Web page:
Joshua Leota

'It’s quite confronting when you start to learn about how your mind works...'

  • Joshua Leota

Studying towards a Bachelor of Science in Psychology and Philosophy

Joshua Leota isn’t one to be bound by boxes or stereotypes, keen to provide an example for other Pasifika students considering studying Psychology.

‘You are not defined by what you or others may think. You can do whatever you want as long as you have the conviction to do so. All these boundaries and restrictions we place on ourselves aren’t real.’

He says it took a few years away from study to realise his future was in Psychology.

‘I first started after high school, and it was a bit overwhelming – I wasn’t really prepared,’ he says. ‘It’s quite confronting when you start to learn about how your mind works.’

He spent time in Australia exploring business ventures, working with young entrepreneurs, and generally picking up valuable life lessons.

‘My time in Australia helped me develop personally, and when I came back I was in a much better head space to study. I learned a bunch of personal skills, with time management being the biggest one.’

After returning to study at UC last year he received the 200-Level Psychology Prize for top student.

He says Pasifika bring a unique and positive perspective to Psychology, and is keen to see more young Pacific people pursue it.

‘That perspective is one very much founded in community and family – it’s very different to how the majority looks at certain issues. It’s important to have those views at the table in discussion because if there is only a certain group of people studying Psychology, getting the jobs and creating change within society, then your voice and your community’s voice won’t be heard.’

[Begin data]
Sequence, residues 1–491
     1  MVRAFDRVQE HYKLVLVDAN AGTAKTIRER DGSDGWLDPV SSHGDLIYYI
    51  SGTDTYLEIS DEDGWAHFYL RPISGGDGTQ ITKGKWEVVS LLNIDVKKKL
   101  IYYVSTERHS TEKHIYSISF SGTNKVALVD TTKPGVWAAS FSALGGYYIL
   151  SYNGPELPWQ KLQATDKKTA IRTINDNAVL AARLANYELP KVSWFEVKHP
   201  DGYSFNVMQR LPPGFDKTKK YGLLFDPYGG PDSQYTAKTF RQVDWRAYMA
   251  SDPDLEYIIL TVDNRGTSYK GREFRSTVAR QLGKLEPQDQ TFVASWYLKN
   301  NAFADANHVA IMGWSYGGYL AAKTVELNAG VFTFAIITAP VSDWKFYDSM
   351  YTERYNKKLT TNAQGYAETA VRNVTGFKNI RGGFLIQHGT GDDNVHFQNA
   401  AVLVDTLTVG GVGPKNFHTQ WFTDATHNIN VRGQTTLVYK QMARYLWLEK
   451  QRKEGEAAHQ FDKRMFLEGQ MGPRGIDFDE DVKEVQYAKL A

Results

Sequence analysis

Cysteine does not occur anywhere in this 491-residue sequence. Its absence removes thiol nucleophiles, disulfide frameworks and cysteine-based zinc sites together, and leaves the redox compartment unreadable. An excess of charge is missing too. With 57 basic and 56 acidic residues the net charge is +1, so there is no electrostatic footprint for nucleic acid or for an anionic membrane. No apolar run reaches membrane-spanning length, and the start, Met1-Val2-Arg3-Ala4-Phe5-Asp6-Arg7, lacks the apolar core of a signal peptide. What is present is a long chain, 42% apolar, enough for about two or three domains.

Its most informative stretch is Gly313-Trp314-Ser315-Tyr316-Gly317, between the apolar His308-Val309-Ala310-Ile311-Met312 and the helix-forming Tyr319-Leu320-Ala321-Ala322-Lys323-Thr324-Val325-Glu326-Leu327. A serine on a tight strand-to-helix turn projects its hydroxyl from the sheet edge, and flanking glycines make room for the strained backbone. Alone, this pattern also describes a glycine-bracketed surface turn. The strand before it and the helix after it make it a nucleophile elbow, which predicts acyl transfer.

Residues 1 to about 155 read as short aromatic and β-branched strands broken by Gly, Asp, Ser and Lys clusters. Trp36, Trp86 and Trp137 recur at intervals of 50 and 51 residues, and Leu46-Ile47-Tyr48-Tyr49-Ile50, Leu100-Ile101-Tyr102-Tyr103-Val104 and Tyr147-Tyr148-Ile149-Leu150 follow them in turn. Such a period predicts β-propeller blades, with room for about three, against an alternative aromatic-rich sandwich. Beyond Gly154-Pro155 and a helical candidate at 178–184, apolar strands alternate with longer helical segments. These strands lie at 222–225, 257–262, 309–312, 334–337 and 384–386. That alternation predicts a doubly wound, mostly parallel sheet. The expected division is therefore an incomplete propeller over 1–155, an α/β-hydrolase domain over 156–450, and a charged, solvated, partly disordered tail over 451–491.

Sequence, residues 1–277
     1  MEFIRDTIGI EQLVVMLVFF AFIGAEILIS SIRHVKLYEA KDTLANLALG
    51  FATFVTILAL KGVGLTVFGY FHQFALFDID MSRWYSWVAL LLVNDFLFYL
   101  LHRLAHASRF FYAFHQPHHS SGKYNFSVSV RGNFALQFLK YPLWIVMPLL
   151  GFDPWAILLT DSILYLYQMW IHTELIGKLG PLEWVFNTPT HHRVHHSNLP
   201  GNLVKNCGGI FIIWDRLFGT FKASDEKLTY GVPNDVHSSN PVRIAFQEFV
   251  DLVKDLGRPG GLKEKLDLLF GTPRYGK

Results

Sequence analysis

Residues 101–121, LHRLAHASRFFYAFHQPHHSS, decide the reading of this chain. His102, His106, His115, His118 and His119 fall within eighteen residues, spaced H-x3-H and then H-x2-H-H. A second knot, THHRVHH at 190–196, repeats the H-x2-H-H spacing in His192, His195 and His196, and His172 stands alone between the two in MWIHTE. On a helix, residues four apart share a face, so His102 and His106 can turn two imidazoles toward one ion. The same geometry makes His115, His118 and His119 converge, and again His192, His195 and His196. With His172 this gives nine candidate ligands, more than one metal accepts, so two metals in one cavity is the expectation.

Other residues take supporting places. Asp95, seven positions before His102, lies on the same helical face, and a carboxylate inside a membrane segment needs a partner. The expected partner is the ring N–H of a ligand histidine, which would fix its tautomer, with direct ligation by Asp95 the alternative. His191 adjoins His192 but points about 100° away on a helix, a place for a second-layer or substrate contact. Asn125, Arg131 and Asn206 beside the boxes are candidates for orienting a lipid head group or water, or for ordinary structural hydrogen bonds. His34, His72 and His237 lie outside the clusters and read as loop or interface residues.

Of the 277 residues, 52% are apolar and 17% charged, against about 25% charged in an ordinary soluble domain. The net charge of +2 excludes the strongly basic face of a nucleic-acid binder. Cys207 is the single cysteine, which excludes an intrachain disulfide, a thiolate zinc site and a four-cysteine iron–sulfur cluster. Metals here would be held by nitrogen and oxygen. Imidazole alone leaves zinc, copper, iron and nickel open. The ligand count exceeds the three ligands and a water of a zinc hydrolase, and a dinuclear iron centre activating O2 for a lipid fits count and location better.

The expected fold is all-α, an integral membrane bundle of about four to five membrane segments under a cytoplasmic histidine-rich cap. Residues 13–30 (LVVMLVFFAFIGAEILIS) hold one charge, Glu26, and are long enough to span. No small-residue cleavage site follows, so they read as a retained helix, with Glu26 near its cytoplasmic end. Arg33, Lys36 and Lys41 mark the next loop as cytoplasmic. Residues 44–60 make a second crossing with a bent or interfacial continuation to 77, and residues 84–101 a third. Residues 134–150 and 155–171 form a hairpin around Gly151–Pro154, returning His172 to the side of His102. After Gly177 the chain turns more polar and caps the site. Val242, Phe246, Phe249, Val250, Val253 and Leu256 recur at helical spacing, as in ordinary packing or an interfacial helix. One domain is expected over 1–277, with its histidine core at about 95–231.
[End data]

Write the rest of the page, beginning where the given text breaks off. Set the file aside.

Joshua is particularly interested in why people hold certain political and moral positions, and how different groups communicate across the political divide.

‘I have a few goals around trying to help people understand and better communicate with those who have differing moral foundations to their own.’

Joshua is looking forward to being a mentor with the Pacific Development Team this year.

‘I know how tough it was in my first year, and it’s good to have someone to bounce ideas off who has done it already. I’d like to be that person for someone else,’ he says.

His main advice to Pasifika students is to ask questions, not be afraid of failure, and see missteps as a learning opportunity.

‘When I was a first year student I didn’t ask any questions – I was too scared to talk to anyone. But your lecturers, tutors and advisors are there to help you.’

On top of his achievements in academia, Joshua has represented Canterbury and New Zealand in Touch, and loves the balance sport provides to his studies.

‘It’s good to switch off and just throw the ball around,’ he says.

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